A principal concern is ensuring that any new exception for repair will not interfere with the ability of creators to leverage TPMs in order to protect investment in their copyrighted work. Accordingly, the Government welcomes input on the types of repair activities that require access to copyrighted works and circumvention of TPMs (e.g., for repair, maintenance, testing, diagnostics, or enhancement), whether the TPMs in question control access or prevent copying of the copyrighted work, whether the TPMs in question are in digital or physical form, the extent to which TPMs are circumvented as part of a repair service, risks related to cybersecurity and disclosure of personal information, product categories for which TPM circumvention for the purpose of repair would introduce undue risks to health and safety or network functionality, other functions of TPMs as used by original equipment manufacturers (e.g., for quality assurance, brand protection, cybersecurity, privacy, or safety), and potential harms to the economic interests of manufacturers if a repair exception were implemented.
Manufacturers often employ TPMs and/or proprietary technologies to protect the software and compilations of data contained in their devices. These forms of protection can act as barriers to interoperability with third party products or services that customize, enhance, or build upon existing functionality or data. Such barriers can prevent SMEs from entering a market or inhibit their ability to innovate and create new markets, thus stifling competition and innovation.
The Act already contains two exceptions for the interoperability of computer programs, one with respect to copyright infringement and one with respect to TPMs. However, there is some uncertainty as to whether the scope of such exceptions is sufficiently broad to reflect modern interoperability requirements. For instance, while the TPM exception permits access to software for interoperability purposes, it does not expressly extend such access to related data. Further, the infringement exception permits interoperability between two computer programs, but does not contemplate the scenario where interoperability of products requires only a single computer program (e.g., for use in association with third party hardware or data).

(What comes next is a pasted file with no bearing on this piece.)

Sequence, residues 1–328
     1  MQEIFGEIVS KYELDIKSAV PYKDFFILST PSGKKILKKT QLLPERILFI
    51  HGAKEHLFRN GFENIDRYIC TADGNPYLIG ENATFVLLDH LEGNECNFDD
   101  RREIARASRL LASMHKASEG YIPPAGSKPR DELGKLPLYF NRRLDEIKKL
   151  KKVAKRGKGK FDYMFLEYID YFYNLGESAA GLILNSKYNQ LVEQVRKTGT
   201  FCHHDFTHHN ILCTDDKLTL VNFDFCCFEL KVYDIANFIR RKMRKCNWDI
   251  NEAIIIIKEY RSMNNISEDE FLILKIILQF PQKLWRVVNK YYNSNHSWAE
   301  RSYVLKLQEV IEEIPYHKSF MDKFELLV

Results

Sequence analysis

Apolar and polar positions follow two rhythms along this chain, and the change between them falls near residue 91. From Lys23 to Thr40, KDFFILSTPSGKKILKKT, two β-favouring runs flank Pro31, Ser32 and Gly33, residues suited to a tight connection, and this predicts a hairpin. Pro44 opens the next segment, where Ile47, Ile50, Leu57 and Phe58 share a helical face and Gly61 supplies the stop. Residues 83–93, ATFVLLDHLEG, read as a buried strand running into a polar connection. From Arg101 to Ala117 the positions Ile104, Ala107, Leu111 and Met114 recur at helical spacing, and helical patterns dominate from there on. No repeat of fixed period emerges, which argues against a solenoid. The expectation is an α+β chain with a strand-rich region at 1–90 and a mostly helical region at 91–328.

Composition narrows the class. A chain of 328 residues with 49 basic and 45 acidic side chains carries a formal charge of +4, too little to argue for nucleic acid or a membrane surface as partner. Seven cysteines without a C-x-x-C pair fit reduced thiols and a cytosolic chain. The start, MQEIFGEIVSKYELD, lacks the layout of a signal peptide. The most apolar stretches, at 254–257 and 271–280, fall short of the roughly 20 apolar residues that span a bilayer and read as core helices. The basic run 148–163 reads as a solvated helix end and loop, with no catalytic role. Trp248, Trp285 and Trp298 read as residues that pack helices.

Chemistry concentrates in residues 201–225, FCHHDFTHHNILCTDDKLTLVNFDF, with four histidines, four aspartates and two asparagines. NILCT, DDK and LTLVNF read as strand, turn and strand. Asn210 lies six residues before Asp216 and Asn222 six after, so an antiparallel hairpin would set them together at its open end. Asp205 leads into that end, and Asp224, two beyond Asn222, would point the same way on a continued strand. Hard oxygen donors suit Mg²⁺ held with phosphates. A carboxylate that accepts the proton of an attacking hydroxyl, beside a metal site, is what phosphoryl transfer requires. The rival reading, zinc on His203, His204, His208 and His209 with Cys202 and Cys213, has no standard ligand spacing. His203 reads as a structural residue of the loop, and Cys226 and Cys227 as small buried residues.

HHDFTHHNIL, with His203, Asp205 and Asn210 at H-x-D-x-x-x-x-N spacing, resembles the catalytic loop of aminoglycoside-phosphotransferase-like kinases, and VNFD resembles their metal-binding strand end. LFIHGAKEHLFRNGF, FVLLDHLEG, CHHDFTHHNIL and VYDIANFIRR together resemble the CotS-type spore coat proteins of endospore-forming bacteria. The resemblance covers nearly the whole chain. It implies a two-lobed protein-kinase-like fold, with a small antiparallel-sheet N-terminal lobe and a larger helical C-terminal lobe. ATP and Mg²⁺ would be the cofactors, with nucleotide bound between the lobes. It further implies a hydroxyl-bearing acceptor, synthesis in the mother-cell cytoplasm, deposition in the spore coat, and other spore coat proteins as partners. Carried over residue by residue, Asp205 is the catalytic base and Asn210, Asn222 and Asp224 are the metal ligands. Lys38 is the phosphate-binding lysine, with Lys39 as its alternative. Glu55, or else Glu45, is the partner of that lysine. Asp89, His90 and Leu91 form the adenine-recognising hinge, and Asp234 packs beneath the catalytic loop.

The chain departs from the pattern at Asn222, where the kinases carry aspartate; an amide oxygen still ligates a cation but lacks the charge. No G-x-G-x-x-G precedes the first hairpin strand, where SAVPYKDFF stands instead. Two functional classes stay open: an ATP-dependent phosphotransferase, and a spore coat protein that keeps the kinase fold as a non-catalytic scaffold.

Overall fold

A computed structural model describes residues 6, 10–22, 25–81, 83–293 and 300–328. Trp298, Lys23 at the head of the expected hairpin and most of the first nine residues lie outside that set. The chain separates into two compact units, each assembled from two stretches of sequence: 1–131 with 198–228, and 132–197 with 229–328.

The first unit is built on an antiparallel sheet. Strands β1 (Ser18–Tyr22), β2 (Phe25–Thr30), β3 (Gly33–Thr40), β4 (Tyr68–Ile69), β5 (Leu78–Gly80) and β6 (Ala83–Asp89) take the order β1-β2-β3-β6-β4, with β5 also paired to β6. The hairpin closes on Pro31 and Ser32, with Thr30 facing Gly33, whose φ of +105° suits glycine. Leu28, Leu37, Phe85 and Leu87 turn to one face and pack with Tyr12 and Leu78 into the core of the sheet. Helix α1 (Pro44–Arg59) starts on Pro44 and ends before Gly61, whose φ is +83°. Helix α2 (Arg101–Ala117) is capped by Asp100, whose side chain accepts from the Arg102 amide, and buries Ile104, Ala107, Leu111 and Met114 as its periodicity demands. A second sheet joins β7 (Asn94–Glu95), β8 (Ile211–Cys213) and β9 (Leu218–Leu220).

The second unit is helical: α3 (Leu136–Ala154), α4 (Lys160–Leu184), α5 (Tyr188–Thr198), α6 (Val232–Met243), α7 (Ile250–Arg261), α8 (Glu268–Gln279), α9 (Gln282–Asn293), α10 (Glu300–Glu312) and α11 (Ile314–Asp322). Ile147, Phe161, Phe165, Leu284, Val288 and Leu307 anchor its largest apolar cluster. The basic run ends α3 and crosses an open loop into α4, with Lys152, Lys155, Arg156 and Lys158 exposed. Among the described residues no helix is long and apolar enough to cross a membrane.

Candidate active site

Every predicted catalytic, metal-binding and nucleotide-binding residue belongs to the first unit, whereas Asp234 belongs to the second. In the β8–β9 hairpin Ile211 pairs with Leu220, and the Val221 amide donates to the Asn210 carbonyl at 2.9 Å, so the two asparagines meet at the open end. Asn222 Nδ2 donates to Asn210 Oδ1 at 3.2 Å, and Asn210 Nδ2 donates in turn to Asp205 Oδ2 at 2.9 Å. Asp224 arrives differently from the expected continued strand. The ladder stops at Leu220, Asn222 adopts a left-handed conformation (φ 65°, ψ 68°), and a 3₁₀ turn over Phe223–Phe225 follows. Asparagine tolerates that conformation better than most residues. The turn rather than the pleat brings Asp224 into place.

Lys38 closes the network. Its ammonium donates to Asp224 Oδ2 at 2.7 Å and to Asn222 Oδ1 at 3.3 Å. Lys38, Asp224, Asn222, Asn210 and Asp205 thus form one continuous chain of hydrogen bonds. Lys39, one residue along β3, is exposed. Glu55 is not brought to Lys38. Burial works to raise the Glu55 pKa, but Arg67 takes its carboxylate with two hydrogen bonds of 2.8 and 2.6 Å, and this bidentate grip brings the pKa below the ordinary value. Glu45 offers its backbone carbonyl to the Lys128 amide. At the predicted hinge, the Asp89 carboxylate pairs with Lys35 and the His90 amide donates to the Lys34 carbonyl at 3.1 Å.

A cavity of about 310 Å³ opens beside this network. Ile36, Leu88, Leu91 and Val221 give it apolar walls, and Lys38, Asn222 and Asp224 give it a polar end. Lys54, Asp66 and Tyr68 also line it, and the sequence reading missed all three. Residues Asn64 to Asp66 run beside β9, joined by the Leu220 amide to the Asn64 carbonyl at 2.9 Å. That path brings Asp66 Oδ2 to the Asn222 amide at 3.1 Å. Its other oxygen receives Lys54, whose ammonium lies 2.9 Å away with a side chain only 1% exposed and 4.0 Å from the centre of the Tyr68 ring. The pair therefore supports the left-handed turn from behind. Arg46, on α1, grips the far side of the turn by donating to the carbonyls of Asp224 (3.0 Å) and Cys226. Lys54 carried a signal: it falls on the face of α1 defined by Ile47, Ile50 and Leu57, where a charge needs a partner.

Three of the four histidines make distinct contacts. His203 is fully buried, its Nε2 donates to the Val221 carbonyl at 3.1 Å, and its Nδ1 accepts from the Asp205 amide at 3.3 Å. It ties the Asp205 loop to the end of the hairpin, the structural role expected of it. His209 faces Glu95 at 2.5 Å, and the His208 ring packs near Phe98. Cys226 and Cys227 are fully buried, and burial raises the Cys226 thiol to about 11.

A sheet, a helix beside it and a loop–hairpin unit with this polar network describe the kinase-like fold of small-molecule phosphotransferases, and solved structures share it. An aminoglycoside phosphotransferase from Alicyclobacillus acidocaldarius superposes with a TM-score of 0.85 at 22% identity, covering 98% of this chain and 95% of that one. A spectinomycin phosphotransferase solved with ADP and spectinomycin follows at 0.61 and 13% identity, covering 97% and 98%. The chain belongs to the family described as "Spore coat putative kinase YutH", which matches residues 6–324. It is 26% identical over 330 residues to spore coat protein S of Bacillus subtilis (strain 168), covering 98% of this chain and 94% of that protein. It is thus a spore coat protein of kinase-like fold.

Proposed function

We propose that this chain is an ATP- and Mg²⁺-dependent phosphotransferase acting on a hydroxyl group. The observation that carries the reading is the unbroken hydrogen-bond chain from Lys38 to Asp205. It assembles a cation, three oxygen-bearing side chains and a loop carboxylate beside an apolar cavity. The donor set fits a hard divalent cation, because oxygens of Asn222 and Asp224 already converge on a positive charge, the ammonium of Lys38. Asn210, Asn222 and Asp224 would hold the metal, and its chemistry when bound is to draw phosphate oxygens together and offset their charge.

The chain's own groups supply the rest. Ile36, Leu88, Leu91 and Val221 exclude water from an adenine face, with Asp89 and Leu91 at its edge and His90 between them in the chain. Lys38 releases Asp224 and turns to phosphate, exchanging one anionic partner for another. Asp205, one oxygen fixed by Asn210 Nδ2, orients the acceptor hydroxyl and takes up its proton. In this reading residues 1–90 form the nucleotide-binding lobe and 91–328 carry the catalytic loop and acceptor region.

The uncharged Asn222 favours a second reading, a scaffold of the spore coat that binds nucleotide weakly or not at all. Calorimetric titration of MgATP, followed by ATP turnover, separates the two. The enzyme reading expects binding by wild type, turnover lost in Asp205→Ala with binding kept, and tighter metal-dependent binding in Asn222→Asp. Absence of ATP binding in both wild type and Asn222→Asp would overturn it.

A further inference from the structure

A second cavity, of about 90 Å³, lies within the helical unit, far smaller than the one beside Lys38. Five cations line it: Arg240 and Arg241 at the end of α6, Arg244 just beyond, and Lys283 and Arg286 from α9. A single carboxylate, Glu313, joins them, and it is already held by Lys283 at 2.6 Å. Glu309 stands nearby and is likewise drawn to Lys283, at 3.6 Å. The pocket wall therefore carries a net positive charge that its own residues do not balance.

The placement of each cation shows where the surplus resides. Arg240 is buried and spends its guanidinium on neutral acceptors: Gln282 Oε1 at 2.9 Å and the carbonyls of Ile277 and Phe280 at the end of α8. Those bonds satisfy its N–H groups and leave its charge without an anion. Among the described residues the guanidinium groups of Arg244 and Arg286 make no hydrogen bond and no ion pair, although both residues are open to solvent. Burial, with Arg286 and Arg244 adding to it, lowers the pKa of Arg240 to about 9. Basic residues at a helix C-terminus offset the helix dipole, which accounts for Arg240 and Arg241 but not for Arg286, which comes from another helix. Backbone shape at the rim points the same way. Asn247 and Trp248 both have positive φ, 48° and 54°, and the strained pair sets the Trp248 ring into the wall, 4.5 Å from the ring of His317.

The Government must balance the need for broadened statutory exceptions for interoperability against the objective of incentivising investment in copyrighted works. In this pursuit, the Government invites input on challenges faced by stakeholders in achieving interoperability under the existing copyright exceptions, the nature of information needed from copyrighted works to make software-enabled products interoperable, the extent of copying required for such purposes (e.g., all or part of the software), the steps involved in achieving interoperability and which parties perform each step (e.g., use of third party services or devices), instances where multiple TPMs must be circumvented to achieve interoperability, measures currently used to mitigate legal risks associated with TPM circumvention activities, and industry-led initiatives that support interoperability (e.g., open interfaces).
The deadline for submitting comments is rapidly approaching. All comments must be submitted by no later than September 17, 2021 and all organisations who wish to do so can forward their submissions (in Word document format) by e-mail to the following address: firstname.lastname@example.org. Should you require any further clarifications or assistance in the preparation of your submission, we remain available for consultation.
By Rish Handa & Alice Ahmad (Articling Student)
A Cautionary Note
The foregoing provides only an overview and does not constitute legal advice. Readers are cautioned against making any decisions based on this material alone. Rather, specific legal advice should be obtained.
© McMillan LLP 2021
Insights (5 Posts)
Canadian patent practices related to "excess claim fees" and RCEs come into force on October 3, 2022. Is your business ready?
New amendments to the Competition Act were passed today as part of the budget implementation bill.
Privacy Reform is on the Table Once More: Canada Introduces the Digital Charter Implementation Act, 2022
New federal privacy legislation has been introduced. If passed, Bill C-27 will materially change the legal landscape for privacy and data protection in Canada.
Canada's final Single-use Plastics Prohibition Regulations have been published and come into effect on December 20, 2022
Canada’s Greenhouse Gas Offset Credit System Creates Green Incentives for Regulated Facilities (Update)
Canada has published the Greenhouse Gas Offset Credit System Regulations establishing a system for projects preventing or removing GHGs from the atmosphere.
Get updates delivered right to your inbox. You can unsubscribe at any time.